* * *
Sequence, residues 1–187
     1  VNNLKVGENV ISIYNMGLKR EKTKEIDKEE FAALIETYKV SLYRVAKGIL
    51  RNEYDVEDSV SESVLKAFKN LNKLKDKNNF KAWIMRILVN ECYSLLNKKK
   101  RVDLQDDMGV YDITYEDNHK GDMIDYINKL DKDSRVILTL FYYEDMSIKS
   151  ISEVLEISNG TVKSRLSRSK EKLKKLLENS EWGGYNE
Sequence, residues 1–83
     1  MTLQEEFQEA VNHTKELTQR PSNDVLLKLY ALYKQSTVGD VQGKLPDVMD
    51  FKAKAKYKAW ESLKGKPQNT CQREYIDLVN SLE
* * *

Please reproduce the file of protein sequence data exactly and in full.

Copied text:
Sequence, residues 1–187
     1  VNNLKVGENV ISIYNMGLKR EKTKEIDKEE FAALIETYKV SLYRVAKGIL
    51  RNEYDVEDSV SESVLKAFKN LNKLKDKNNF KAWIMRILVN ECYSLLNKKK
   101  RVDLQDDMGV YDITYEDNHK GDMIDYINKL DKDSRVILTL FYYEDMSIKS
   151  ISEVLEISNG TVKSRLSRSK EKLKKLLENS EWGGYNE
Sequence, residues 1–83
     1  MTLQEEFQEA VNHTKELTQR PSNDVLLKLY ALYKQSTVGD VQGKLPDVMD
    51  FKAKAKYKAW ESLKGKPQNT CQREYIDLVN SLE